How Slow is Too Slow in the Packers GM Search?
In his news conference Tuesday afternoon, Packers president Mark Murphy said he anticipated starting interviews for the Packers’ imminently vacant general manager position “very quickly.” Acknowledging there are “important things going on right now,” Murphy also cited a personal guideline to “fire quickly, hire slowly.”
In a fast moving business like the NFL, the Packers may not be able to afford to hire slowly. In fact, it was former Packers general manager Ron Wolf that said a team should always strive to “hire the best before anyone else does.”
So at what point would hiring slowly become a problem? When would you be concerned that the Packers are moving too slowly? Jon and Gary give their answers below.
Jon says Wednesday, January 10.
Mark Murphy has all the pieces in place for this to be a quick and easy decision. The Packers have the best quarterback in the known universe, a successful head coach (perhaps even highly successful), a rabid fan base, and football facilities resembling the Taj Mahal in both size and expense.
With that stockpile of assets, the Packers’ general manager job should be extremely desirable, and personnel men around the league should be polishing their resumes and LinkedIn profiles as they prepare to throw their hats in the ring.
What’s more, Murphy has a stable of strong internal candidates raring to go for their first GM opportunity. Both Brian Gutekunst and Eliot Wolf have interviewed for general manager positions with other organizations, and Russ Ball and Alonzo Highsmith are highly regarded in Green Bay and elsewhere.
Given that set of circumstances, Murphy shouldn’t need to hem and haw about his next top personnel executive. If he hasn’t introduced a new general manager by next Wednesday, we should be concerned.
Gary says Friday, January 19.
Realistically, I think the search for the next general manager of the Packers should be over before the week’s end on the 5th with a press conference early next week.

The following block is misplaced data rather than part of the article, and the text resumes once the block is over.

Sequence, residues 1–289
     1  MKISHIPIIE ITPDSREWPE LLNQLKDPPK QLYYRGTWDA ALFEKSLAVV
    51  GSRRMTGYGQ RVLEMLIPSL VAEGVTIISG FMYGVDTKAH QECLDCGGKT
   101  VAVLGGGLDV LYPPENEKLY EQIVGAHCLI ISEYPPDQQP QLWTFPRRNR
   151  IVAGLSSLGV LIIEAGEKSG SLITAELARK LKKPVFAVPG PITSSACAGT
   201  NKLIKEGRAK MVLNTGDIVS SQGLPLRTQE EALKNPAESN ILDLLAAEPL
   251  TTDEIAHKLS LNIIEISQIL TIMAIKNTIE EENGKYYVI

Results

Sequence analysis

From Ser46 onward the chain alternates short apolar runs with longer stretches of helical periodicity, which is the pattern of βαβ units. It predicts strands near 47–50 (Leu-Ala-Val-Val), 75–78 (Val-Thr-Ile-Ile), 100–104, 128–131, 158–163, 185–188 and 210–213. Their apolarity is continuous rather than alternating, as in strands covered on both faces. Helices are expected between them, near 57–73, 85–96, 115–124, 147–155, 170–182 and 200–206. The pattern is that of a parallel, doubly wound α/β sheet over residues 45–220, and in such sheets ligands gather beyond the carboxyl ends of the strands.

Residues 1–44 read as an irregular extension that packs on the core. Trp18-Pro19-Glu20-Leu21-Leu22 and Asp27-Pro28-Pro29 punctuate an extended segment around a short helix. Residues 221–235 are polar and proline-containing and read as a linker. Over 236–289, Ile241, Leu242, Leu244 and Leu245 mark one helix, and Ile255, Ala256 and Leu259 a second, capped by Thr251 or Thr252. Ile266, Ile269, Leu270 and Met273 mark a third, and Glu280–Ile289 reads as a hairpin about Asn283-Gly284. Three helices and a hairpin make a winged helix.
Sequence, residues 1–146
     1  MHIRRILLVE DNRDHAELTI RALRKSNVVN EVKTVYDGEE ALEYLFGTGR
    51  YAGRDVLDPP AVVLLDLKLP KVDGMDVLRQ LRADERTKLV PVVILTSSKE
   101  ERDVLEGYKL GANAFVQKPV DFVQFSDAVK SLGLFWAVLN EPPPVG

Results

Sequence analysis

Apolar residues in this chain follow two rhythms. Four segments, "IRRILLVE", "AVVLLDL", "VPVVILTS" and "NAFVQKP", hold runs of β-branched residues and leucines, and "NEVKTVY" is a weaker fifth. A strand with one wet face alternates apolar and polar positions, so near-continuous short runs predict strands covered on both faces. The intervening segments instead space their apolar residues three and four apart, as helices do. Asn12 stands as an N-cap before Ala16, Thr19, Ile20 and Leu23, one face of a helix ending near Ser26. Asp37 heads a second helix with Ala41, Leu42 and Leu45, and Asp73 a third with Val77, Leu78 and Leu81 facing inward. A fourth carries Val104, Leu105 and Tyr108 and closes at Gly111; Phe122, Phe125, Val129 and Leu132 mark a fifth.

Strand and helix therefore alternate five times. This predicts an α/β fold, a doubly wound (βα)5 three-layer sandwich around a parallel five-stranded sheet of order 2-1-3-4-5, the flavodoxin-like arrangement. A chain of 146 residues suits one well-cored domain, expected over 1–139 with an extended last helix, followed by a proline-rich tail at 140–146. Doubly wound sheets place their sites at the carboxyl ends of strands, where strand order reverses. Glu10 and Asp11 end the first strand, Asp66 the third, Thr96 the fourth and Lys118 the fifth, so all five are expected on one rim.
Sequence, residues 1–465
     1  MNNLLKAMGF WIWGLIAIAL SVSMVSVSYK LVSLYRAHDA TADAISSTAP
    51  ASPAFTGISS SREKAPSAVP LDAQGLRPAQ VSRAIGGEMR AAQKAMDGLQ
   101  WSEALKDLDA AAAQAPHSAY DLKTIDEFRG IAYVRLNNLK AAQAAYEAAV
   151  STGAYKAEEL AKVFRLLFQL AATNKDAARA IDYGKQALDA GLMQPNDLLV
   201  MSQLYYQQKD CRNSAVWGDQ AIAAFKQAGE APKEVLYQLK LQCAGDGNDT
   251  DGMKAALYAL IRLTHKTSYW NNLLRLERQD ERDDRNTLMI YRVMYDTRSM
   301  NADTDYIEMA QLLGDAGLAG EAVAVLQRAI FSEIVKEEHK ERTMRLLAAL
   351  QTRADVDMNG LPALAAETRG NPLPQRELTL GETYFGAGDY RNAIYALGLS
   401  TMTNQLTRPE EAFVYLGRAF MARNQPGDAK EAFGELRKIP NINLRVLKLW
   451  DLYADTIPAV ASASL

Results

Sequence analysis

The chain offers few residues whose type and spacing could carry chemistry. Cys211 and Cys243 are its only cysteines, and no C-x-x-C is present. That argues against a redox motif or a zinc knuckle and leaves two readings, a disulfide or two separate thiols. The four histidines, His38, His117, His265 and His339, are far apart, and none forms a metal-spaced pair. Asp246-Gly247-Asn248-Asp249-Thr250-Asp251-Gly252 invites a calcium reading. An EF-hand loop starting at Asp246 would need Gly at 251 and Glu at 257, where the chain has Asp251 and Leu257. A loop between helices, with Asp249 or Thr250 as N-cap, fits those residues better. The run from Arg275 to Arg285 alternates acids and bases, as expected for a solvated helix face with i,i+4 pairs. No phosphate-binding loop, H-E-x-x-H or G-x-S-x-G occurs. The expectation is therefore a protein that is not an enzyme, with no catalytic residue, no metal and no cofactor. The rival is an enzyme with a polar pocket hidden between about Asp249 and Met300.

Russ Ball, Brian Gutekunst and Eliot Wolf are all strong internal candidates. Gutekunst and Wolf have already interviewed for general manager posts, and Ball has presumably worked closer with Thompson than any in Green Bay. While the news of Thompson’s removal as general manager was a surprise to the outside world, it likely doesn’t surprise anyone inside the front office.
Murphy will likely begin interviewing candidates as early as today, and no other general manager posts are available. Not that it would matter much, as the chance to build a team around a generational quarterback like Aaron Rodgers rarely presents itself.
What could complicate matters and delay the decision is the job status of potential external candidates. If Murphy seeks to interview Seattle’s John Schneider, Cleveland’s John Dorsey or Oakland’s Reggie McKenzie, it’s likely the Packers would need to trade some sort of asset to the team in order to hire them as general manager.
If the Packers are still without a general manager by the middle of the month, it’s likely that Murphy does not want to promote an internal candidate and has struggled to pry away an external candidate from another team.
If that happens, brace yourself for a rollercoaster of sources, leaks and fake news over the next two weeks.